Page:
handler is set a flag, and return, or cleanup and exit.  (Even the
latter may not be quite safe, but heck, you're exiting...) 

Calling any procedure or touching global data is perilous -- parts of
the C library are not reentrant (malloc for sure) and calling anything
that might call these parts might put your application into a very
confused state.  I don't know how much of Xlib or Xt is re-entrant, I
suspect there are non-re-entrant parts.  (Perhaps a scenario where
Xlib gets interrupted when packing data into a buffer, the signal
handler tries to pack more data into that buffer resulting in an
interleaved mess?)


The problem with signals and X is rather simple.  X is asynchronous
and relies on a communication between the client (application) and
the server (the X server).  This "protocol" is defined and implemented
using Xlib.  If you are putting together a packet to send over the wire
to the server and a signal "interrupts" your client side application,
then you have interrupted the protocol and *may* result in a protocol
error with the server.  You may even get a core dump.

This is not guaranteed to happen, but the case becomes much more
likely if your event handler attempts to make any Xlib calls (which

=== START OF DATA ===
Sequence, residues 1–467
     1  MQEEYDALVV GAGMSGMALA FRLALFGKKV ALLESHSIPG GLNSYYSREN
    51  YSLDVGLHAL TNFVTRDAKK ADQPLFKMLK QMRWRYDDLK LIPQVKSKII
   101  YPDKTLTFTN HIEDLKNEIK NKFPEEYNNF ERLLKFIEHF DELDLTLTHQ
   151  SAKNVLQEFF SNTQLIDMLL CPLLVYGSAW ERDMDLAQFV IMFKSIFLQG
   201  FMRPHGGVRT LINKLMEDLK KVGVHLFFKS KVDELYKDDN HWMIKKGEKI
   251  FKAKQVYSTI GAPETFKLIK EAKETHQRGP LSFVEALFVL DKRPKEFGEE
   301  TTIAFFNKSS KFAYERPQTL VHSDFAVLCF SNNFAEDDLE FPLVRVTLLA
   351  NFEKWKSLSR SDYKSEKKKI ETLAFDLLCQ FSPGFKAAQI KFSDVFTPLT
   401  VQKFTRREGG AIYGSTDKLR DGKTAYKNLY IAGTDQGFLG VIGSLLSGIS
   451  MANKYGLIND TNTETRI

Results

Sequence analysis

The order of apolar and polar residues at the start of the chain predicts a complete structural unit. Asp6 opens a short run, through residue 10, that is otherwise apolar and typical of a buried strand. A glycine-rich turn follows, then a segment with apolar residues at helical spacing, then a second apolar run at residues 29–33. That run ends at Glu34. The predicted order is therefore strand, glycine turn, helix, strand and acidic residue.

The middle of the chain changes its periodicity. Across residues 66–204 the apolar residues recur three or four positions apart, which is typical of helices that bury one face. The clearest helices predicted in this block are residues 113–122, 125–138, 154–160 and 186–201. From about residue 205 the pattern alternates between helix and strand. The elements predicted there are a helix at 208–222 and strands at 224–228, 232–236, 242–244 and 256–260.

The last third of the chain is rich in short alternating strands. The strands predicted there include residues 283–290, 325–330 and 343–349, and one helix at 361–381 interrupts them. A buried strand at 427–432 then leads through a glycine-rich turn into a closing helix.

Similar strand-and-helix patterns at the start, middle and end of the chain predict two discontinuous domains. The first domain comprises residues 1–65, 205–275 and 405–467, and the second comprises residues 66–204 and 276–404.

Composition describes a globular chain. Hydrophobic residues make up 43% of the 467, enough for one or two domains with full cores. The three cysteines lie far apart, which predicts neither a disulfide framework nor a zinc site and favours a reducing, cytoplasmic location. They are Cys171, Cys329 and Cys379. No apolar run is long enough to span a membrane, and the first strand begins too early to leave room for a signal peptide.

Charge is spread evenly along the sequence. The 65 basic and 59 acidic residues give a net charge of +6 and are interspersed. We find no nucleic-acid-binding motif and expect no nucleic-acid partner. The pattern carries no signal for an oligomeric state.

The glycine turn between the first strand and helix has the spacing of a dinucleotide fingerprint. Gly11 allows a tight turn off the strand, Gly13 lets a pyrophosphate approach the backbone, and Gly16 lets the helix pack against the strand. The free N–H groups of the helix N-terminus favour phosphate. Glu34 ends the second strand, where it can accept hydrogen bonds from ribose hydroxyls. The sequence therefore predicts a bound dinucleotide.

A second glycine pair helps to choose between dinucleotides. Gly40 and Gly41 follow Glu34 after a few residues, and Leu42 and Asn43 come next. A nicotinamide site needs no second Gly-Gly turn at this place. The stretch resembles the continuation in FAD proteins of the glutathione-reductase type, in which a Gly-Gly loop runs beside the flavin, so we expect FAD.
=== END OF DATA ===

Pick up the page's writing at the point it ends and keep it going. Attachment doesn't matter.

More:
includes many, but not all, Xt calls).  Perhaps the most common
case of this is the SIGALRM signal, which is delivered as a result
of such things as "setitimer".

The "fundamental problem" still exists: if you interrupt the
protocol betwween the client and server, then you must be sure
to return to the place in the application that was interrupted
before making further attempts to communicate with the X server.
Therefore, you signal handler should not display dialog boxes,
make Xlib calls, or do much any anything until it is guaranteed
that you are not going to interfere with a protocol exachange.

So, what do you do?  Well, your signal handler could be written
to set a flag to note the delivery of the signal and then return
so that the code being execute may continue with whatever it's
doing till you know it's safe.  *that* is the problem -- you 
never know when it's safe.  And when it *is* safe, you are not
in any application-specific code.  There may not be any more
events in the queue so that your next event handling function
won't be called for quite some time.

My proposed solution is to implement a routine:
    XtAddSignalHandler(signal, handler)
	int signal;
	XtSigRet (*handler)();

XtSigRet is either void or int depending on what your UNIX OS
uses for signal().  When you register your signal handler for
the specified signal, when the signal is delivered, *Xt* catches
the signal and notes the signal context, resources, etc..
Then, when all is well with the events and protocol, etc,
your handler is called.  Your handler is written _exactly the same_
as it would be had you called "signal(sig, handler)" because
the same parameters are passed back into the signal handler.
(XtAddSignalHandler returns the previously set handler just
like signal() does.)

Now, you could implement this yourself via "work procs"
(see XtAddWorkProc()), but the granularity isn't fine enough.
That is, work procs are only called when there are no events